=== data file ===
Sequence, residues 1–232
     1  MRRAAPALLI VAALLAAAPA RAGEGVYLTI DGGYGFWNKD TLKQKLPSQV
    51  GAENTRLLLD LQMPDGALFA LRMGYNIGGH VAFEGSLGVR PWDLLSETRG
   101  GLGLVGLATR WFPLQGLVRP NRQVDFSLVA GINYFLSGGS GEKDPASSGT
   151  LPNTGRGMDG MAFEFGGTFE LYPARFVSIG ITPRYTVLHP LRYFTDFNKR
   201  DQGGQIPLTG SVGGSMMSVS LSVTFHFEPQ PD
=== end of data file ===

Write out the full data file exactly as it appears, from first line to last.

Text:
Sequence, residues 1–232
     1  MRRAAPALLI VAALLAAAPA RAGEGVYLTI DGGYGFWNKD TLKQKLPSQV
    51  GAENTRLLLD LQMPDGALFA LRMGYNIGGH VAFEGSLGVR PWDLLSETRG
   101  GLGLVGLATR WFPLQGLVRP NRQVDFSLVA GINYFLSGGS GEKDPASSGT
   151  LPNTGRGMDG MAFEFGGTFE LYPARFVSIG ITPRYTVLHP LRYFTDFNKR
   201  DQGGQIPLTG SVGGSMMSVS LSVTFHFEPQ PD